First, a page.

Saturday, December 22, 2007

First book on Scala just published

Artima just published the first book on the Scala programming language called Programming in Scala, written by the language's creator Martin Odersky as well as Lex Spoon and Bill Venners.

Some of the keenest readers have even posted their reviews. David Pollak writes "I heartily endorse buying the book and think it's a spectacular piece of work". Eelco Hillenius writes "I love the book so far. Definitively the missing piece of getting started with Scala. Thanks!".

Congratulations to the authors and the Scala team for achieving this milestone!

Saturday, October 13, 2007

Deferring evaluation

One of the first cool features of the Scala language that struck me is the ability to defer the evaluation of a function argument simply by changing the type of the function definition.

In essence, you simply take an existing type declaration for a function argument of a given type:

def succ(x: Int): Int = 1+x

and insert => to defer the evaluation of the expression:

def succ(x: => Int): Int = 1+x

Now, evaluation of the expression passed to succ is deferred and each reference to x in the body of the function succ actually evaluates the given expression.

Kent Tong recently gave a good practical example of how this can be used to defer the computation of debug expressions. This addresses a common problem where computing debug strings too eagerly can slow down a whole application significantly even if the debug strings are never logged!

Sunday, October 7, 2007

Flying Frog move into Scala market

We posted a note that our ray tracer had been ported to Scala and asked if anyone would like a new book Scala for Scientists following on from our OCaml for Scientists and new F# for Scientists titles. The response was tremendous!

Needless to say, we're now diversifying into the Scala market and you'll most likely see a lot of free example demos and commercial Scala/Java products from us in the near future.

For us, the most interesting thing about Scala is the fact that it builds upon the Java legacy. Our area of expertise is technical computing (how computers can benefit scientists and engineers). We started out with C++ but quickly discovered the benefits of modern statically-typed functional programming languages of the ML family (primarily OCaml).

However, these languages are obscure compared to mainstream languages like C++, Java and even (in technical computing) good old Fortran. One obvious problem with this is lack of libraries. OCaml has a lot of libraries and, compared to mainstream languages, the libraries that exist for OCaml are of incredibly high quality. However, the world keeps changing and OCaml lacks libraries to deal with many recent inventions like web services (SOAP, UDDI, WSDL and so on).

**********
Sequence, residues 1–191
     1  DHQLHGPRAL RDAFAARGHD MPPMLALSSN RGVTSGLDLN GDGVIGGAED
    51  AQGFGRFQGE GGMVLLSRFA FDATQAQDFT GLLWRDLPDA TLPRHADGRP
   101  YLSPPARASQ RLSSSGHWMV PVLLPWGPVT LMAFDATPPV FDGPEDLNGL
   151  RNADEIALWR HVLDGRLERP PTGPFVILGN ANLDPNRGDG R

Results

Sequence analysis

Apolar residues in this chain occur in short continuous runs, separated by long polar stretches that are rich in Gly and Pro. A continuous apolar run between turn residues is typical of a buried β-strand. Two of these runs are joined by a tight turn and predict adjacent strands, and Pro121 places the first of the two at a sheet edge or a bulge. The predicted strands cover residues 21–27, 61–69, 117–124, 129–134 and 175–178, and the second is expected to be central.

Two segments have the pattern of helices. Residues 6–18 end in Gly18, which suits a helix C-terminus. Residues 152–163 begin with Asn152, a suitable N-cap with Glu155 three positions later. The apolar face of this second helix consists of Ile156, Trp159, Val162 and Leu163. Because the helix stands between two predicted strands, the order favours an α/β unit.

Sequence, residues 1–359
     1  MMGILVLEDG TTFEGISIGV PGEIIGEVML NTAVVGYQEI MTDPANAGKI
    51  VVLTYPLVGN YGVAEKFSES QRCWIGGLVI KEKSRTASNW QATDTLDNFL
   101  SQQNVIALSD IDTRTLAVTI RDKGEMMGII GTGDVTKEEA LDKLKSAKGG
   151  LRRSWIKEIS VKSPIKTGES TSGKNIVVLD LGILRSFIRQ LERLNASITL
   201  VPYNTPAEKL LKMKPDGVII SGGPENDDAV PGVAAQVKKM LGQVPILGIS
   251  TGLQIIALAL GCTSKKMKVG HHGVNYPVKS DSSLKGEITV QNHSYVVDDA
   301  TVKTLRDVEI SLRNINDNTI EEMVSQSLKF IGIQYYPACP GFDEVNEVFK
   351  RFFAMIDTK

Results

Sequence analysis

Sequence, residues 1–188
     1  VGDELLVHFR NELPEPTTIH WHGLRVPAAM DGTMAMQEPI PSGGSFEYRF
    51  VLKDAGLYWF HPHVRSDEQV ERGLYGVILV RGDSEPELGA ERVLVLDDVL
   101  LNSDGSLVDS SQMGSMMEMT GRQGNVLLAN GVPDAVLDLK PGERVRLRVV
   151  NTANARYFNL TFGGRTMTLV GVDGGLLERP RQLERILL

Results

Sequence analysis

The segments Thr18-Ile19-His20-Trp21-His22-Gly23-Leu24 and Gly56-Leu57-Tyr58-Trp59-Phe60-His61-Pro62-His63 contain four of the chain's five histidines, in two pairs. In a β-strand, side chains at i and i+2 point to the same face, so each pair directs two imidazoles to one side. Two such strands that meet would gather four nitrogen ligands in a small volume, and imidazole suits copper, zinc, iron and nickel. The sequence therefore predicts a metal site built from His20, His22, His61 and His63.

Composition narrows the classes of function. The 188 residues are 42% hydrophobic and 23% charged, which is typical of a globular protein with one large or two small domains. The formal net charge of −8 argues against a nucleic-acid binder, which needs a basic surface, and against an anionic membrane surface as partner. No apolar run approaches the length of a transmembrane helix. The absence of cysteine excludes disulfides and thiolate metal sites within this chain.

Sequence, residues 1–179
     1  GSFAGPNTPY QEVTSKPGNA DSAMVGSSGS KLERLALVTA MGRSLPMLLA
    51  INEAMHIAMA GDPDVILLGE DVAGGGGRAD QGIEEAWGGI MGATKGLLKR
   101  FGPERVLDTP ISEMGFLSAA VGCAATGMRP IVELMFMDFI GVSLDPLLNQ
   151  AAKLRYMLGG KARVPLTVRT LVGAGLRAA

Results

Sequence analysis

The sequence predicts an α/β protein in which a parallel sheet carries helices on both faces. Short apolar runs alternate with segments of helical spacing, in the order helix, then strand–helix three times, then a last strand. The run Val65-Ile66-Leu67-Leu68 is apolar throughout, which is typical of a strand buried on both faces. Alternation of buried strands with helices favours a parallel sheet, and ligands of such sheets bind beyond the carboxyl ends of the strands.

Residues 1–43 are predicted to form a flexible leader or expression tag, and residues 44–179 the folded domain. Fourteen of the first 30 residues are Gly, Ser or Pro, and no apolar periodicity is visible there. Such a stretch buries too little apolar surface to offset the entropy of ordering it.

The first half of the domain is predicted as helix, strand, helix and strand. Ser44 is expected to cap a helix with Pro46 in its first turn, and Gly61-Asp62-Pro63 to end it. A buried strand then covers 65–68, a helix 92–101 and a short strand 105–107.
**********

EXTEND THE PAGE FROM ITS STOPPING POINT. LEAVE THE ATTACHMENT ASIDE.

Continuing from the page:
The easiest solution to this problem is to build a new generation of functional programming languages on top of existing platforms that already have big user bases. Fortunately, efforts are underway to bring state-of-the-art programming languages to both of the major cross-language platforms. The F# programming language from a team led by Don Syme at Microsoft Research targets their .NET platform and the Scala programming language from an academic group led by Martin Odersky at the EPFL in Switzerland targets the JVM.

The .NET platform is a wonderful thing: designed to support multiple languages (the Common Language Run-time) and often more efficient than the JVM. However, for all intents and purposes, .NET means Windows only. Microsoft have the functional programming on .NET market pinned down with F# and they just switched on the development afterburners (expect a major announcement soon!).

That leaves the JVM. Java is the primary language for the JVM and has shot to super-stardom in recent years, becoming not only a dominant force in web programming but also technical computing and many other areas. Java is now widely used by scientists and engineers and is a particular favourite among bioinformaticians, not least because the JVM runs on Linux, Mac OS X and Windows. This is of particular interest to us because dozens of bioinformatics institutes across the world have bought our book OCaml for Scientists. Although the JVM was not originally designed to support multiple languages, several major new languages have been built on top of the JVM (e.g. JRuby and Groovy) and there has been much discussion about augmenting the platform with features (like tail recursion) to help the development of new languages.

We have no doubt that F# is about to make serious inroads into technical computing on the Windows platform, and will even draw in users from other platforms. However, if the purpose of building upon an existing framework is to exploit its popularity, then we must consider how popular the dominant languages for each framework are. In general, the popularity of Java and C# is quite close, with most users working on web programming, database programming and GUI application development. However, among technical users, Java is vastly more popular than the whole of .NET. In fact, the number of technical users of C# is similar to the number of technical users of OCaml. We learned this the hard way by releasing an FFT library for .NET before surveying the market properly, only to discover that it is only as popular as our Visualization library for F#.

F# is set to explode in popularity over the next three years and the vast majority of technical users on the Windows platform will migrate to F#, followed by many non-technical users. Scala has the disadvantages of a much smaller development group and no advertising budget but the advantage of growing on top of a vastly more popular platform. So we believe that both projects are about to reshape the programming language landscape. We just completed F# for Scientists. Now its time for Scala for Scientists!